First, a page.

After going through a rough patch of games, Electronic Arts' Need for Speed series has been brought back to life with a few recent titles that put gameplay first and didn't bother tacking on convoluted stories.
As such, with the likes of Shift 2
or Hot Pursuit
, the racing series has once again become a serious threat to other franchises like Forza Motorsport or Gran Turismo, despite focusing more on an arcade experience, at least through Hot Pursuit, or an 'easy to get into' simulator one, with the Shift titles.
Now, however, the series returns to its story-based experiences with Need for Speed: The Run
, made by the Black Box studio and, after just finishing the narrative, it's not exactly a stellar return
While I'll treat this aspect of the game in its review on Monday, I thought I'd go into detail a bit before then.
I was pretty confident in NFS: The Run before its release, as it looked like Black Box had taken the time to build a proper plot, even though it borrowed heavily from 1980s movies like the Cannonball Run. Sadly, things didn't exactly turn out so great, as the action once again reminds players of previous, lackluster installment from the series, like Carbon or Undercover.
Instead of having a protagonist we can relate to, we have Jack, a guy that's as bland as you can get and in trouble with the mob, but the game doesn't even make an effort to elaborate just what that might be. As such, we're stuck with him delivering a few one liners that just makes him come across as an arrogant brat.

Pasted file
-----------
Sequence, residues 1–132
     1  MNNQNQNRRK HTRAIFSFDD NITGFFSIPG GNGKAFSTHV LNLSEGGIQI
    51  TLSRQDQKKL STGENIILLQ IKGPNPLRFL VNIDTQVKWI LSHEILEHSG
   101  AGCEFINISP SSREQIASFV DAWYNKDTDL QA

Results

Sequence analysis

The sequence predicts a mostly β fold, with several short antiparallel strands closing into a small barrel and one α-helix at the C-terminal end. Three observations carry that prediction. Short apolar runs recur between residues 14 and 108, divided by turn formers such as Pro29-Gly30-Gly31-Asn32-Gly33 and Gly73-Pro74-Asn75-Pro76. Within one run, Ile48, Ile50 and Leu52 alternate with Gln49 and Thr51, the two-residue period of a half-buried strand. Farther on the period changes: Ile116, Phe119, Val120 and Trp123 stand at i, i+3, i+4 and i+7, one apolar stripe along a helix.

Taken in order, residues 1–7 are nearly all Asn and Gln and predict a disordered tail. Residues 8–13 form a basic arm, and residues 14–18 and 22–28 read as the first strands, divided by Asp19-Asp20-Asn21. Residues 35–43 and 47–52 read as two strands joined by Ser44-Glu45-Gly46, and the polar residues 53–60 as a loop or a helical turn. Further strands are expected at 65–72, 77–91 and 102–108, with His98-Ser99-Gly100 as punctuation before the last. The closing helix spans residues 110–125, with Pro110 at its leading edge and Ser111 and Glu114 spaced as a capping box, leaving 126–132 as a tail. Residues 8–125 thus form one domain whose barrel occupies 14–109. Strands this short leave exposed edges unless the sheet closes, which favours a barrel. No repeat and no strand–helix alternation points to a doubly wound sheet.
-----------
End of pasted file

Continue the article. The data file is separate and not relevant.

Much was said about the involvement of the lovely Christina Hendricks
in the game, who plays Sam, Jack's sponsor in The Run, but she's relegated to just a few sequences and barely stands out, which should have been extremely easy up against a one-dimensional character like Jack.
Speaking of one-dimensional, his so-called adversaries in The Run barely get introduced to the player, and only then through a quick loading screen before your duel against them begins. If you didn't bother to watch those screens you didn't miss much, as they're stereotypical characters, like a former racing car driver or spoiled rich girls that want a thrill.
With such a shoddy example of story in NFS: The Run, and with previous attempts at narratives failing as well, I'm pretty much all in favor of future titles to go the Shift or Hot Pursuit way and just dump any pretense of plot altogether. Sure, there were a few stunning scenes throughout The Run's campaign, but they could have easily been reproduced in regular titles without focusing on any intrigue.
Need for Speed games should just impress through their gameplay and stop trying to introduce formulaic stories or stereotypical characters.
What do you think? Have you had a chance to try out NFS: The Run? Share your thoughts about its story below.